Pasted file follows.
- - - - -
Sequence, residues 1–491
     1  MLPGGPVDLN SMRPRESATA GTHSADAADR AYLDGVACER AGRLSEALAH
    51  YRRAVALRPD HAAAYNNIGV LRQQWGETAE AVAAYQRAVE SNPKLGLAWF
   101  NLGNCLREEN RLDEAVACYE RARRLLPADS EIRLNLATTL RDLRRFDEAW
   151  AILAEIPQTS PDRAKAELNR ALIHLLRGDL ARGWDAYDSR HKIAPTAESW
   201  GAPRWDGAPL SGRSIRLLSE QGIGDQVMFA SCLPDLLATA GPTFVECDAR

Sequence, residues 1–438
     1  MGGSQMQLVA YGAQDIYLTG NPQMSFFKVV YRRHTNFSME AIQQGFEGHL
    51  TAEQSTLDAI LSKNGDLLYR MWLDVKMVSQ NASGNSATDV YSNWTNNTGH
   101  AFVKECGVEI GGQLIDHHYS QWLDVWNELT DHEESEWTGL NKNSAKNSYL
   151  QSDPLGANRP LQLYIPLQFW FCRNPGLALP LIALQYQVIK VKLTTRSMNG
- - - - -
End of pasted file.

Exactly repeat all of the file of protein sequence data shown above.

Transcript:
Sequence, residues 1–491
     1  MLPGGPVDLN SMRPRESATA GTHSADAADR AYLDGVACER AGRLSEALAH
    51  YRRAVALRPD HAAAYNNIGV LRQQWGETAE AVAAYQRAVE SNPKLGLAWF
   101  NLGNCLREEN RLDEAVACYE RARRLLPADS EIRLNLATTL RDLRRFDEAW
   151  AILAEIPQTS PDRAKAELNR ALIHLLRGDL ARGWDAYDSR HKIAPTAESW
   201  GAPRWDGAPL SGRSIRLLSE QGIGDQVMFA SCLPDLLATA GPTFVECDAR

Sequence, residues 1–438
     1  MGGSQMQLVA YGAQDIYLTG NPQMSFFKVV YRRHTNFSME AIQQGFEGHL
    51  TAEQSTLDAI LSKNGDLLYR MWLDVKMVSQ NASGNSATDV YSNWTNNTGH
   101  AFVKECGVEI GGQLIDHHYS QWLDVWNELT DHEESEWTGL NKNSAKNSYL
   151  QSDPLGANRP LQLYIPLQFW FCRNPGLALP LIALQYQVIK VKLTTRSMNG